The input signal to post-repair control blocks 25i is a power-up signal VCCH. The waveform of power-up signal VCCH is shown in FIG. 10. Power-up signal VCCH is at a low logic level when power is first supplied to the semiconductor memory device (time T1), and transitions to a high logic level once the power supply level reaches a predetermined level (at time T2). Power-up signal VCCH is supplied to the gates of transistors P3 and N6.
Post-repair control block 25i operates as follows. First, consider control block 25i with post-repair control fuse 710 cut. When the semiconductor memory device first powers on (time T1, FIG. 10), VCCH remains at a low logic level, turning on transistor P3. Since fuse 710 is cut, node 810 charges towards VDD. Node 810 will eventually be recognized by inverter 712 as a logic high level, driving node 812 to a low logic level and CSi to a high logic level.
At time T2 on FIG. 10, the power-up signal (VCCH) switches to a high logic level. Although setting VCCH to a high logic level turns off PMOS transistor P3, by this time the low logic level at node 812 has turned on PMOS transistor P4, thus maintaining the high logic level at node 810—and a high logic level for the control signal CSi.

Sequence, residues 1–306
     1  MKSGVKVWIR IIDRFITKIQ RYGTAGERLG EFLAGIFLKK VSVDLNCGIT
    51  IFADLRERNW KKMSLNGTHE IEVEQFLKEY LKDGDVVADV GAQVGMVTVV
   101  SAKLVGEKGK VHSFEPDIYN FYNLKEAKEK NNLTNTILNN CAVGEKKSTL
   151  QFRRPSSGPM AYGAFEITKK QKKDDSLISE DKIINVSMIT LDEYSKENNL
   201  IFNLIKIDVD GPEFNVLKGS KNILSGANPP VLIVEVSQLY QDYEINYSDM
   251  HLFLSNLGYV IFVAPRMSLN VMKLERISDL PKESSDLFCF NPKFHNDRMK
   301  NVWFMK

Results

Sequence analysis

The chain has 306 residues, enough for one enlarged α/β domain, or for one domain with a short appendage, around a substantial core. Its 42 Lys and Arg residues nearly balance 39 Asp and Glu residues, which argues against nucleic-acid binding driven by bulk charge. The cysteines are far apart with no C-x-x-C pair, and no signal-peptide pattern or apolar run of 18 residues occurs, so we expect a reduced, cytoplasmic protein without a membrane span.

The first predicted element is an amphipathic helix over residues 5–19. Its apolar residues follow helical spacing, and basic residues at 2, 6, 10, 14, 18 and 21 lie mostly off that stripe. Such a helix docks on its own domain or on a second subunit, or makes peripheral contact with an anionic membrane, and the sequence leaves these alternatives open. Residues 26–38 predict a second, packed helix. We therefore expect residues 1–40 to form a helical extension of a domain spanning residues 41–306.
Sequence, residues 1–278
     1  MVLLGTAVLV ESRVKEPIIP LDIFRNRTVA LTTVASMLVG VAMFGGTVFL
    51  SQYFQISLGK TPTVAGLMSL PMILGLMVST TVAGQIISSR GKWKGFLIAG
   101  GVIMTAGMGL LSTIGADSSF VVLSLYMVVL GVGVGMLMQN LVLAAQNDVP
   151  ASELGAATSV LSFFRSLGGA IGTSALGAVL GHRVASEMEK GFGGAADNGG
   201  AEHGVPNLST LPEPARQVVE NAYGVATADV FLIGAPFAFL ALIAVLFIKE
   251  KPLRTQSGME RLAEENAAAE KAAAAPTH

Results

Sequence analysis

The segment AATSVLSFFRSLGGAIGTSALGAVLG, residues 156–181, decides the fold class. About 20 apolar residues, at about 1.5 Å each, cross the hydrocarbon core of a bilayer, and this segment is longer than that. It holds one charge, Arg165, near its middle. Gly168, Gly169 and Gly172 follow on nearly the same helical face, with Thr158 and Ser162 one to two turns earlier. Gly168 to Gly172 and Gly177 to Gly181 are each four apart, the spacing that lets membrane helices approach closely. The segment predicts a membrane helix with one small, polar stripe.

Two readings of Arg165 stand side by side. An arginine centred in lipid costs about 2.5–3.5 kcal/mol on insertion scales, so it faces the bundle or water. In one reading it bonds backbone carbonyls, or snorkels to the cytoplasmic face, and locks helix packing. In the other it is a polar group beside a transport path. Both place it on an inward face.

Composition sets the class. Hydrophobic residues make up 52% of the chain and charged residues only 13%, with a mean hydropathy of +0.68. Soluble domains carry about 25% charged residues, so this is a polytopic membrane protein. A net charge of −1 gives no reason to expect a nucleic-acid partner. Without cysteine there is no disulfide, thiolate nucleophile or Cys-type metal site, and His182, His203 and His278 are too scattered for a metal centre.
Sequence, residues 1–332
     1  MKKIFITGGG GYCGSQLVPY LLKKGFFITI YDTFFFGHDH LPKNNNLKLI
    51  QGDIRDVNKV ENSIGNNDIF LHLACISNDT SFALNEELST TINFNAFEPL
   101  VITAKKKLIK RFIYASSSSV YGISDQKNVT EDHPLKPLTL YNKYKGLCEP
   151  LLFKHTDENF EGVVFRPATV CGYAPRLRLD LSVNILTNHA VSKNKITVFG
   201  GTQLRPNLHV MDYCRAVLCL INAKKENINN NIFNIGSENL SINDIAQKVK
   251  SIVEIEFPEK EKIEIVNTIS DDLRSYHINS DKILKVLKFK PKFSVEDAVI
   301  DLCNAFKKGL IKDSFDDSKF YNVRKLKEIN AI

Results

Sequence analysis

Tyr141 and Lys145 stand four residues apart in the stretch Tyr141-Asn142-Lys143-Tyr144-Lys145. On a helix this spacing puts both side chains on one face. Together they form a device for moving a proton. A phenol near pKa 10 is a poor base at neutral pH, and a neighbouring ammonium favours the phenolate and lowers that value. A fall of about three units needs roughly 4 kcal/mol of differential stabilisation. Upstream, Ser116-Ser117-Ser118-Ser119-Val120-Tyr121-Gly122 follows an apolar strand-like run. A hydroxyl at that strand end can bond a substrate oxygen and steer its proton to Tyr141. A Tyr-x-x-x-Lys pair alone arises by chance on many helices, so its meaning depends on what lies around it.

Now consider the case where post-repair control fuse 710 is intact at power-up. In this state, node 810 initially attains a high logic level, as when fuse 710 is cut. But when power-up signal VCCH switches to a high logic level, transistor N6 is turned on, transistor P3 is turned off, and node 810 discharges toward ground. Inverter 712 senses a low logic level on node 810 and takes node 812 to a high logic level, turning off P4. Inverter 714 outputs a low logic level for control signal CSi.
With this embodiment, the redundant column line i that will be available for post repair is preferably selected while the device is in a wafer state. For instance, the redundant column lines can be tested to determine a redundant memory line that is defect-free. The defect-free redundant memory line is then designated for use in post repair. The designated memory line is associated with the post-repair address comparator 220 by cutting the laser fuse 710 in the post-repair control block associated with that memory line.